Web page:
Timing, Options, And The “Why” Of Hormone Testing

Photo: Lacie Slezak

You wouldn’t believe how many clients come to me with hormone issues and when I ask if their OB-GYN has ever tested their hormones, they were told, “it’s pointless, because hormones fluctuate so much.”

Or, if they were lucky enough to get tests, the doctor says, “everything looks fine.” I ask the client when in their cycle they were tested, and they often say, “I don’t know – my doctor didn’t tell me I had to go at a certain time.”

(Yes, my eyes tend to roll to the back of my head.)

While it is true that hormones fluctuate throughout both the month and the day, that doesn’t mean checking them isn’t going to give you good information. Your blood sugar fluctuates throughout the day. Would anyone say it’s pointless to take your blood sugar if you were having blood sugar issues?

A test is always going to be a snapshot (though you do have options for cycling tests that track an entire menstrual cycle), but it gives us often crucial information on steps to take to improve hormone balance. This is particularly true if you deal with menstrual issues such as debilitating PMS, fibroids, ovarian cysts, infertility, endometriosis, or are in perimenopause.

But it is true that the blood tests most doctors run are the least useful of the bunch. This is because they only test for the bound version of the hormone. We want to know the free – or bioavailable – levels of hormones at a given time. Plus, serum labs only test for one point in the day. This is why you want to turn to saliva or dried urine testing.

Because I want women to understand what hormone tests do, what the pros and cons are of each, and why you may need to go outside of your doc in order to get them done (like with a functional health coach such as myself), I’ve compiled a list of testing options for you below. 

 

**Why**

 

You don’t have PMS just because you are a woman. Fibroids don’t grow just because you are getting older. Ovarian cysts don’t appear out of the blue. Your period isn’t a crime scene because your body is just a rebel.

These things are happening because your hormones are out of balance, plain and simple.

Now, I’m not trying to imply there is some hormonal grail that you can get to and everything will be perfect forever and ever. Hormones will always be fluctuating (as I mentioned above), but when you have imbalances in your cycle, it is a clear sign that your hormones are not acting in concert with each other. There’s many reasons for this, including, but not limited to:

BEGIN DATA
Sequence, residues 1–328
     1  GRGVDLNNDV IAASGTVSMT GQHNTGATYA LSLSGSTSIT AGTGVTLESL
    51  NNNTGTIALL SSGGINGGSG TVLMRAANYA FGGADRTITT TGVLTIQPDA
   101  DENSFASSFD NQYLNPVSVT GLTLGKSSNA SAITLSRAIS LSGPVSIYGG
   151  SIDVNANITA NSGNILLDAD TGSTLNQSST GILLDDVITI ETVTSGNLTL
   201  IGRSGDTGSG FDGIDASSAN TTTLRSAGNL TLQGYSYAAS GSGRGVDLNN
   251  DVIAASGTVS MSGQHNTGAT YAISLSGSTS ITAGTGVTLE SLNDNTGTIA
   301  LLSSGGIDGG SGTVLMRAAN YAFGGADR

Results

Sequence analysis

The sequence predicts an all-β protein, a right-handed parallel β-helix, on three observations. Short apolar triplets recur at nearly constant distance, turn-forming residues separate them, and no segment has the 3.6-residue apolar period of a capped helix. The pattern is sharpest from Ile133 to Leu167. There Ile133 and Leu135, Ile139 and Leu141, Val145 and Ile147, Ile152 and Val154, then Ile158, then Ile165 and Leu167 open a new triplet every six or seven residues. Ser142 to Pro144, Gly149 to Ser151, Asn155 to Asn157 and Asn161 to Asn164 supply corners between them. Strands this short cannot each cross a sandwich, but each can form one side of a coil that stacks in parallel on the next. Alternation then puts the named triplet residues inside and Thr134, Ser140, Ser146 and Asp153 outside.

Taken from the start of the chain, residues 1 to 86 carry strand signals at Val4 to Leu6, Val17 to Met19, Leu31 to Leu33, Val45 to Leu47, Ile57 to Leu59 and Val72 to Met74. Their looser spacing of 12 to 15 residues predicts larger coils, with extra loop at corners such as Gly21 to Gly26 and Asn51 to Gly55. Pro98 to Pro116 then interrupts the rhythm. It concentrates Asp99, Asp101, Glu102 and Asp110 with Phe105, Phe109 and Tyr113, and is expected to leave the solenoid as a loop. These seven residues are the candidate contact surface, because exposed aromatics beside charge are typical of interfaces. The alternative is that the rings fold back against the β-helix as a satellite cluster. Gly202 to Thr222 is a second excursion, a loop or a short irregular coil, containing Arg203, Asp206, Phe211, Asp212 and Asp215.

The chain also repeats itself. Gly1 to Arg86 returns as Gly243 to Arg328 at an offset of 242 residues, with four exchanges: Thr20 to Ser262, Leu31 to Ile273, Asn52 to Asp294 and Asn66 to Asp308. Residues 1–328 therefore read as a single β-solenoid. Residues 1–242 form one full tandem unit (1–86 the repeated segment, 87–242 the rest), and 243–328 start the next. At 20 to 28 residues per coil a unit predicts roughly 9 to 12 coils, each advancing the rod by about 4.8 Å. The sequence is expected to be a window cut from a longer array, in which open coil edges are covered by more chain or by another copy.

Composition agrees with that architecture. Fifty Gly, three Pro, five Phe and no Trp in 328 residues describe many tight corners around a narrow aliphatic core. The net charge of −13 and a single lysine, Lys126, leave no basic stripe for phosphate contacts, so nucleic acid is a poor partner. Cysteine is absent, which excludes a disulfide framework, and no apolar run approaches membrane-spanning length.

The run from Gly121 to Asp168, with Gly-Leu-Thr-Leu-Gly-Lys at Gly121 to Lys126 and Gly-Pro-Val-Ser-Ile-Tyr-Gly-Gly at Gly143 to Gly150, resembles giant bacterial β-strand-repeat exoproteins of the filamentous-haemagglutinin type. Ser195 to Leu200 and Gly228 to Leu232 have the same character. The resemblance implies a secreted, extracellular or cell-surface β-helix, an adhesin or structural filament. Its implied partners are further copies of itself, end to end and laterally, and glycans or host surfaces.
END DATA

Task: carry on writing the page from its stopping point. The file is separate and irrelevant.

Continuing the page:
• Stress
  • Xenoestrogens/Xenobiotics
  • Overloaded liver
  • Gut dysbiosis (often stemming from antibiotics, birth control, and medications)

In order to get your hormones-band back together again, you are going to have to look at all these areas in your life. But what is helpful about getting a hormone test if you are in the midst of intense hormonal symptoms is that we have a chance to get really specific, really fast.

Tests that include cortisol levels throughout the day are going to tell us how your adrenals are doing (and how much stress is impacting you). Some hormone tests will show us estrogen metabolites, which will tell us how your liver is doing in terms of detoxing estrogen. Though I recommend the GI-Map and MRT food sensitivities test to actually see what is happening in your gut, hormone testing can point to nutrient deficiencies and microbiome issues.

Plus, we actually get to see what your estrogen, progesterone, testosterone, and DHEA are doing so that we know what foods, supplements, and yes, in some cases, which bioidentical hormone therapy may be called for.

 

**Timing**

 

Generally, you want to test your sex hormones between days 19-22 of your cycle. This is because your body only produces progesterone after you’ve ovulated (day 14ish, give-or-take because every woman’s body is different). So if you test your progesterone pre-ovulation, your progesterone numbers will be tanked and you may wonder why; there’s basically no progesterone circulating at that point (unless you are taking supplemental progesterone).

Your progesterone levels peak during this 19-22 window, which gives us an idea of your highest level of progesterone. That means if it’s on the lower end of the scale, you know things usually get worse as your cycle continues.

We also want to compare those progesterone numbers to your estrogen levels. Your estrogen should be lower at this point than it was pre-ovulation, so if you see higher numbers during this point in your cycle, you know you may be dealing with an estrogen dominance situation. (Of course, your numbers could be low, which is also good information for different reasons. This is why it’s so important to work with a practitioner that understands sex hormones and the intricate relationship between them).

You may need additional testing times when infertility is an issue, or if you want to get really clear on issues like missing periods, extremely heavy periods, or periods that are all over the place. In this case, doing a month-long cycling hormone test is going to give you the most information.